As I understand it, when two systems create a secure SSH tunnel, the first step involves communicating the 'guidelines' for the encryption of that tunnel. If an third system is able to listen in on this initial conversation, wouldn't it be able to decode all of the data that is sent through the tunnel? How is the tunnel secured if the initial conversation is conducted across a public connection?
The good old safe-with-two-locks analogy:
Alice has a safe with a message for Bob. (The message is what you refer to as
the 'guidelines' for the encryption of that tunnel).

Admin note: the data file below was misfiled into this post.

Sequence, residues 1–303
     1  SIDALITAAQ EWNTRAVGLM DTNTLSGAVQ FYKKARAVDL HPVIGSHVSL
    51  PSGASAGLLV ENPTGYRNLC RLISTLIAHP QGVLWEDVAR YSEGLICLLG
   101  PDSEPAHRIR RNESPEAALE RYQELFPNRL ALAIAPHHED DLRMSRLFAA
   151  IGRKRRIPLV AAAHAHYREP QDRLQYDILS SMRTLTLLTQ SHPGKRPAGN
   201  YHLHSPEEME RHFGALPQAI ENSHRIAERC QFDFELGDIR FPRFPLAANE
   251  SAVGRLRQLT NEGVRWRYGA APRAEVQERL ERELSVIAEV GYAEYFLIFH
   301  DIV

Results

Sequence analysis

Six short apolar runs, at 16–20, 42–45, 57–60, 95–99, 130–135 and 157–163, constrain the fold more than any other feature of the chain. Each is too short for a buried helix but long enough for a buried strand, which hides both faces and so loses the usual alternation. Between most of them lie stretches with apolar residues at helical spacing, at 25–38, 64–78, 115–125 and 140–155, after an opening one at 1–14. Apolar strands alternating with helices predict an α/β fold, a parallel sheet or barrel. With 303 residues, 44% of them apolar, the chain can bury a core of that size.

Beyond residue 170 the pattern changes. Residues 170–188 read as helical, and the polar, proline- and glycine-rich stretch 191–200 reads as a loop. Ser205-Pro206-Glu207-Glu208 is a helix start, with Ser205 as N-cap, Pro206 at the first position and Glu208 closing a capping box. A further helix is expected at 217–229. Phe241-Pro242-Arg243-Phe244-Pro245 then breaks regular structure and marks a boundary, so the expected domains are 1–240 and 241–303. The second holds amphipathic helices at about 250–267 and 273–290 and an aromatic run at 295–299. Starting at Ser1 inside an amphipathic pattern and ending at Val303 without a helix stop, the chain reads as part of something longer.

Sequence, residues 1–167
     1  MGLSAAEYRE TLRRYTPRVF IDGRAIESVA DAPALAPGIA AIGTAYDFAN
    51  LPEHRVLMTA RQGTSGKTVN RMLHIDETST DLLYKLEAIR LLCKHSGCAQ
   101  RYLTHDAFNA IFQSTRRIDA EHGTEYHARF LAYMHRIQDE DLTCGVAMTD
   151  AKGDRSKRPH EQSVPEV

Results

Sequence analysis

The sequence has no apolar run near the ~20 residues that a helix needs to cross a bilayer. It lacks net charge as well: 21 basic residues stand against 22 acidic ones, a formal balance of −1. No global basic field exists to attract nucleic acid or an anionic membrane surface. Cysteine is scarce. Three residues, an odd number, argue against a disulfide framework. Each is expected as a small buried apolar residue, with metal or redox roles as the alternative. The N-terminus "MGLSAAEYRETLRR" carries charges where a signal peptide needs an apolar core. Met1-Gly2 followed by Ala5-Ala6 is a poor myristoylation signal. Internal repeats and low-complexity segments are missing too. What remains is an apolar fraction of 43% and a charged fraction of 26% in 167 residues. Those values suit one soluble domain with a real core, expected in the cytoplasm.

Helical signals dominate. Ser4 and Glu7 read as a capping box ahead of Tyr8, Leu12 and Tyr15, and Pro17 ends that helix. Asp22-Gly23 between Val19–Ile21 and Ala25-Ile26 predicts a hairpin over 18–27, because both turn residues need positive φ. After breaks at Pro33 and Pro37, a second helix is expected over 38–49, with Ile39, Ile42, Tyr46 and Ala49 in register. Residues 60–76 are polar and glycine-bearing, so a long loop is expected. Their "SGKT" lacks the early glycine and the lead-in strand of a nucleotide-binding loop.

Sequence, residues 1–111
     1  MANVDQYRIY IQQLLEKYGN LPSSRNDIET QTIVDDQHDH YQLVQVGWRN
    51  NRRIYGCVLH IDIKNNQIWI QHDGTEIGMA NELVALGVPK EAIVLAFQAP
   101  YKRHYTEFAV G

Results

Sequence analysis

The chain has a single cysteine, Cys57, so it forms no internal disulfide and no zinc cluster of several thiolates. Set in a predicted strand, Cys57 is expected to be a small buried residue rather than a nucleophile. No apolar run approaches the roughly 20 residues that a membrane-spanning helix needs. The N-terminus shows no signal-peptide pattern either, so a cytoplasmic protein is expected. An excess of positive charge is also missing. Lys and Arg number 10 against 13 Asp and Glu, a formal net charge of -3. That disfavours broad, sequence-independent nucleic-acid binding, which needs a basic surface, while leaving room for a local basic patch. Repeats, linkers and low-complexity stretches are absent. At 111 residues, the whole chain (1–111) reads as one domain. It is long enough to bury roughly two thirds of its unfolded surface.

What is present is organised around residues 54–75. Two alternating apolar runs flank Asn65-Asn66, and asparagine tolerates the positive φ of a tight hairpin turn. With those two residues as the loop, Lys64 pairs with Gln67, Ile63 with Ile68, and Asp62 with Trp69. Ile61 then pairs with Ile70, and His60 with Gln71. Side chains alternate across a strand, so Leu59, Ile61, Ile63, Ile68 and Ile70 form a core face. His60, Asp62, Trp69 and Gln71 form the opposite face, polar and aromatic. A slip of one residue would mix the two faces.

She locks the safe with the message in it with her lock (and keeps the key).
Bob receives the safe, but cannot open it. Instead, he adds his lock on the safe, and send the safe back to Alice
Alice, now satisfied that the safe is locked with Bob's lock, removes here own lock (with her private key), and send the safe again
Bob receives the safe, with his lock only on it, and can now open it.
This is the basics of how exchanging private information over a public network works, with an asymmetrical key for each participant.
Through this mechanism, Alice and Bob are able to exchange information as to how to establish the encrypted connexion.